Wireless communications systems include conventional cellular communication systems which comprise a number of cell sites or base stations, geographically distributed to support transmission and receipt of communication signals to and from wireless units which may actually be stationary or fixed. Each cell site handles voice communications over a particular region called a cell, and the overall coverage area for the cellular communication system is defined by the union of cells for all of the cell sites, where the coverage areas for nearby cell sites overlap to some degree to ensure (if possible) contiguous communications coverage within the outer boundaries of the system's coverage area.

When active, a wireless unit receives signals from at least one base station or cell site over a forward link or downlink and transmits signals to (at least) one cell site or base station over a reverse link or uplink. There are many different schemes for defining wireless links or channels for a cellular communication system, including TDMA (time-division multiple access), FDMA (frequency-division multiple access), and CDMA (code-division multiple access) schemes. In CDMA communications, different wireless channels are distinguished by different codes or sequences that are used to spread different information streams, which may then be modulated at one or more different carrier frequencies for simultaneous transmission. A receiver can recover a particular information stream from a received signal using the appropriate code or sequence to decode the received signal.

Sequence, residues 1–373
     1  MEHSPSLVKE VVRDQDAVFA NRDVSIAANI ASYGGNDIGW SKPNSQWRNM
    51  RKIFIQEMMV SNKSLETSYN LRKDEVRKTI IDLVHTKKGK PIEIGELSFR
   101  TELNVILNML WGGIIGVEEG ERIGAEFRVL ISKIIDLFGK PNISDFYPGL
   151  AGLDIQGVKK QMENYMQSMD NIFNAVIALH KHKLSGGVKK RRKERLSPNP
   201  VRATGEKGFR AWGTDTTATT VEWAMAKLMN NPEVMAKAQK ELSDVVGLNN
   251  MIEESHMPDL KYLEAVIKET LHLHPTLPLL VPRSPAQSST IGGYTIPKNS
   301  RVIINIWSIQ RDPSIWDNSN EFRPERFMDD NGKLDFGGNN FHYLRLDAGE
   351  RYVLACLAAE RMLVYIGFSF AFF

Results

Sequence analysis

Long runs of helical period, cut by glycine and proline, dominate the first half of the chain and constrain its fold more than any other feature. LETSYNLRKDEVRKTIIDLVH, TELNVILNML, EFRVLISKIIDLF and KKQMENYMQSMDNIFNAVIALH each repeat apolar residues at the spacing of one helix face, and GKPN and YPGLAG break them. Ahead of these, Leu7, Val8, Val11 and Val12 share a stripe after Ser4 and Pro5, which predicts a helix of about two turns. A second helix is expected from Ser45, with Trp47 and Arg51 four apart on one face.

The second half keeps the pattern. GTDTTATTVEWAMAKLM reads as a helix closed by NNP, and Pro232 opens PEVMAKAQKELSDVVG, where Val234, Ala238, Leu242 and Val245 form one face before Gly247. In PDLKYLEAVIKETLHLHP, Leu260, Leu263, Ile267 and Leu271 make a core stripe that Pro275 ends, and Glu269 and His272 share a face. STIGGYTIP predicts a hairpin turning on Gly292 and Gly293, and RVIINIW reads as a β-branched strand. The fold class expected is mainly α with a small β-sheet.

Due to the delay-intolerant nature of voice communication, wireless units in conventional cellular systems transmit and receive over dedicated links between a wireless unit and a base station. Generally, each active wireless unit requires the assignment of a dedicated link on the forward link and a dedicated link on the reverse link. Traditional data applications are typically bursty and, unlike voice communications, relatively delay tolerant. As such, using dedicated links to transmit data is an inefficient use of network resources. Wireless communications systems are evolving that will support a variety of data services, such as wireless web browsing.

In the Universal Mobile Telecommunications System (UMTS), wireless units communicate with a base station over dedicated channels. To provide efficient wireless data communications, UMTS uses a downlink shared channel which can be shared by a plurality of wireless units to receive data. The downlink shared channel (DSCH) structure accepts information from a number of transport channels, that in general address different users, time multiplexes/schedules those into a single Coded Shared (or Scheduled) Transport Channel (CSTrCH). The CSTrCH is then mapped into a number of Physical Channels each corresponding to an Orthogonal Variable Spreading Factor (OVSF) code. To more efficiently use the downlink to carry data, it is advantageous to provide a transport channel multiplexing structure which enables more efficient use of wireless resources on the downlink.